Posted - 01/04/2008 :  07:07:57 AM  Show Profile  Send Becky in MO a Yahoo! Message Send Becky in MO a Private Message  Reply with Quote
Kris (Schleppenhiemer),
I do understand what you are saying about clothing styles repeating themselves.
I am old enough to start seeing the fashion industry repeat itself.. Which in many ways, thrills me to no end!!

I didnt' know what the Enchanted Forest Cardigan sweater is - so I did a search. GAGGs!! REally?! It is coming back?? It is so HUGE!! Is the 'big' look coming back in style?
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New Pal

9 Posts

Posted - 01/04/2008 :  08:37:12 AM  Show Profile Send SlowKnitter a Private Message  Reply with Quote
What about Ravelry as an organizing aid? Or as a diversion when you don't find the pattern you're looking for, but there are so many others that beckon temptingly?
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Gabber Extraordinaire

597 Posts

Posted - 01/04/2008 :  09:09:30 AM  Show Profile Send Sketcher a Private Message  Reply with Quote
I keep magazines in holders in sequential order. (Yes, another librarian)
I like going through them periodically (pun intended)because sometimes I find my taste in patterns change or my project recipients change.
I use different colored sticky-post arrows to mark the patterns I want to go back to.
Socks are blue, Hats are red, etc. It's a little quicker for me to find them that way.
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Chatty Knitter

141 Posts

Posted - 01/04/2008 :  09:50:15 AM  Show Profile Send InMySpareTime a Private Message  Reply with Quote
I'm echoing becky's sentiments....
my mom just moved; she has literally 20 bookshelf yards of old magazines (beads, sewing, knitting, etc.). i refused to move them, and she couldn't understand why. they were dusty, musty, and taking up space.
yes, fashion does go in cycles.
yes, there are some great techniques described in detail in all of them, but... how many references on steeks, 3 needle bind off, magic loop, etc. does one really need?
yes, there is lots of inspiring material in each of them

those magazines have been around since 1980-something and i will bet money that she has never, ever gone back to a single one of them.

i certainly don't have the answer to the storage solution, but this has worked for me.
if i see a pattern i really, really love and MIGHT ACTUALLY knit, or something so totally awe inspiring, then i scan it; i then give the mag to a knitting friend or make a trade somewhere. then about once a year (usually after christmas) i go back through the saved files and see if any of the patterns make the 2nd cut - most do not...
i do the same thing for all those recipes in magazines that "sound good".

decluttering is a lifestyle; some people find peace in an uncluttered environment; others dont. there's no right or wrong answer, simply a matter of preference. was a life-changer for me as far as decluttering. it explained why we keep and collect in very plain and understandable terms.

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Permanent Resident

1408 Posts

Posted - 01/04/2008 :  10:59:10 AM  Show Profile Send Katheroni a Private Message  Reply with Quote
I have been knitting only a few years, and I appreciate the publication of favorite patterns from the past in book form. A single book is obviously more expensive than a magazine (though I can see why a person might think the books should be less expensive, since the pattern writing and photography has already been paid for). I always do a little cost analysis to see if my cost per pattern is low enough to merit purchase. Magazines are often more expensive per pattern than books (for me). I am more likely to override a poor cost analysis with a mag, though, probably since the cover price is lower and I can stretch the extra cost out. It's easier for me to justify. So, I guess what I'm saying is that, if there are enough patterns I want in a book and the cost per pattern is acceptable, then I am likely to buy it and actually save money over owning every magazine that originally had the patterns. (And the errors are probably corrected, too.)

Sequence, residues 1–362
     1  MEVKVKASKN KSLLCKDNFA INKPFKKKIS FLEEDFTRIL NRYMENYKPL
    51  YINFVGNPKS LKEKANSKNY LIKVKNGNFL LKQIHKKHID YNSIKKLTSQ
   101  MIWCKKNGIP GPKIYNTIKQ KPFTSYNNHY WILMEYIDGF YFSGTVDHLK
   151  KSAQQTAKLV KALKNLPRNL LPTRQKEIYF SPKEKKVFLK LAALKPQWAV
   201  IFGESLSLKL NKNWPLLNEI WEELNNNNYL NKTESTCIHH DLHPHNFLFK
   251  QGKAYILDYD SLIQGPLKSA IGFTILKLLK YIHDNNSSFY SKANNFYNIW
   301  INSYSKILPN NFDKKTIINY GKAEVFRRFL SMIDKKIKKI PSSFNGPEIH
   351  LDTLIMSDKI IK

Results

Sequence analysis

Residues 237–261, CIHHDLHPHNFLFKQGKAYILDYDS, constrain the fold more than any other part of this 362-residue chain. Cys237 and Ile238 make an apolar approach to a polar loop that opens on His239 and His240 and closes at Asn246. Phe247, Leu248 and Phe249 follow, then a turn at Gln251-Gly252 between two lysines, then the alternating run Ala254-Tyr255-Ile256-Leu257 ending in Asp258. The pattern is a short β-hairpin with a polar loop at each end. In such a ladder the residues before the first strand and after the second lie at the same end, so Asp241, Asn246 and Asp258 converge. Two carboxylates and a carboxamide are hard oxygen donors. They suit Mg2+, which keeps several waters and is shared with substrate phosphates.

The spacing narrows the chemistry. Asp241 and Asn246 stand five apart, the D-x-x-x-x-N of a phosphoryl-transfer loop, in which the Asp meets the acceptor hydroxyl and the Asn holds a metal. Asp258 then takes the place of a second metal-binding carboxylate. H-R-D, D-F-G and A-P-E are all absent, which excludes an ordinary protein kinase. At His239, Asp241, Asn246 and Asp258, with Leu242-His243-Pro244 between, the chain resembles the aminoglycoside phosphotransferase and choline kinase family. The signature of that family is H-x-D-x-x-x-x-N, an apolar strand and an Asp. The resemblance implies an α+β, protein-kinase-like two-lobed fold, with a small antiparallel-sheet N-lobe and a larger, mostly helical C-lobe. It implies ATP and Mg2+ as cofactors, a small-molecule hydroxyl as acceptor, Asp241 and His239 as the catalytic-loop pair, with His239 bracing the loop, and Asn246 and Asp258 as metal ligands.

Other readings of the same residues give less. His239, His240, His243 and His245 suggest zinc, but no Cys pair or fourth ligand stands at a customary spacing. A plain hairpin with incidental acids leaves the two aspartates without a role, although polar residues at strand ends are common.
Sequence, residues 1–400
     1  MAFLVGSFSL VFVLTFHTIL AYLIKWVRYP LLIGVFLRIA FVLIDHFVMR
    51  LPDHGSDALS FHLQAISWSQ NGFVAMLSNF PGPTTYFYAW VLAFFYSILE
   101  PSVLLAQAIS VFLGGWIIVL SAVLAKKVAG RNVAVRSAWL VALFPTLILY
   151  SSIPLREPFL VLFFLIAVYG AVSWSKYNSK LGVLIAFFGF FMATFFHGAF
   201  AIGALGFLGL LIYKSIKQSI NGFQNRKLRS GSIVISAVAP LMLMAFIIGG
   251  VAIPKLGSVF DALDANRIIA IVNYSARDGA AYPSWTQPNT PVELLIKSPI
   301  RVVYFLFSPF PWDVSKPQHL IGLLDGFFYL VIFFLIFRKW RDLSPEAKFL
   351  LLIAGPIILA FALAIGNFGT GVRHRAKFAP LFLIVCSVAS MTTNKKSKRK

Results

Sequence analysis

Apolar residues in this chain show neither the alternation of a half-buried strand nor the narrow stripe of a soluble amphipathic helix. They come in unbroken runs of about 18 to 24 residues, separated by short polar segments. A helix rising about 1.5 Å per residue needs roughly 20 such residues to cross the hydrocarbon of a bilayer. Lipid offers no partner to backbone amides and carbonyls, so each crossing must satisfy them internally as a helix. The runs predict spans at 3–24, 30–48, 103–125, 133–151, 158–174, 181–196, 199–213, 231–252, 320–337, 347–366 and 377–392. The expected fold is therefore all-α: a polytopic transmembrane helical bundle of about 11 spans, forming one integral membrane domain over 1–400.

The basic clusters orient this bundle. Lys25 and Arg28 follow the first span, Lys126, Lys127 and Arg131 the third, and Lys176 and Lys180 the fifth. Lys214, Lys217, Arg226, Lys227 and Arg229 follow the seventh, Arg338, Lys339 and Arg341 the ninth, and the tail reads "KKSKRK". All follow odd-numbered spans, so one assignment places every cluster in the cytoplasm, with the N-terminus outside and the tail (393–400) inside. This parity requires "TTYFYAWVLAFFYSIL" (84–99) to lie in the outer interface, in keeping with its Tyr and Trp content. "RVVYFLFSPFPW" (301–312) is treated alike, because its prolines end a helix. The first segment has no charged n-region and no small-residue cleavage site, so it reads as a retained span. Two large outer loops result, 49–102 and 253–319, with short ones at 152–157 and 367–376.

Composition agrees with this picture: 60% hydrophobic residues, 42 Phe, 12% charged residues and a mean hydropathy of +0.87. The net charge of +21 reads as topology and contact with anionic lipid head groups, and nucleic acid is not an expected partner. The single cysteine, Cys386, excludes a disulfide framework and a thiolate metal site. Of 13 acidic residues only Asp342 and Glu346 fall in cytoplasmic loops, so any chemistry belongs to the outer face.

If the book doesn't make the cost-per-pattern cut, though, I am extremely unlikely to purchase it.
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New Pal

29 Posts

Posted - 01/04/2008 :  10:07:25 PM  Show Profile Send yarnboz43 a Private Message  Reply with Quote
I just started a similar thread in the "Magazines" forum! This is great and I wish I'd found it sooner. I love the database idea, which is my original idea, but as I'm reading all these posts I'm thinking the photocopy and binder idea works. I too have sticky notes that say very organized things such as "Cool cabling!" or "Needs about 640 yds DK yarn". Translation: I need help.

I have accumulated some fairly old patterns because I really love the tailored styles. Those I've sorted into boxes in sleeves as they often cover just one type of project -- sweaters, coats, gloves, etc. It's the main magazines I have trouble with, though I agree with one comment about the sheer enjoyment of leafing through looking at all the patterns.

The one other question I have is for folks who consider clipping out just the patterns that interest them: Are you sure your tastes won't evolve over time? Or would you be OK with saving the clutter and re-acquiring magazines down the road if that occurs?
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Seriously Hooked

623 Posts

Posted - 01/05/2008 :  08:29:23 AM  Show Profile Send MeezieGirl a Private Message  Reply with Quote
I have a suggestion for those patterns you find online. I'm a compulsive free pattern searcher, and, wow, do I have a lot!! Now that I'm on Ravelry (MeezieMom), it's growing by leaps and bounds!

At first, I printed them out. That yields a lot of paper to store and organize, and costs a lot of ink (which isn't cheap). Then I realized I could just save the patterns as PDFs. It's easy on a Mac: go to Print and at the bottom of the first Print window is a button that says "Save as PDF". (Sorry, all you folks with PCs; I don't know how to do it on your machines.) I've organized them into folders and sub-folders and on and on. They are easy to find, easy to organize, easy to search and browse, take no physical space (other than the computer and a back-up hard drive).

I do a similar thing with digital photos and the scanned CDs from film photos. Keeps them where I can find them easily. And, since I have a laptop, I can make quick-and-easy slide shows when needed (showing to in-laws, etc.)

The crucial thing, once you've done the hard work, is to BACK UP your files. (Sorry to shout, but I think it's really important.)


You can take the girl out of New York, but you can't take New York out of the girl.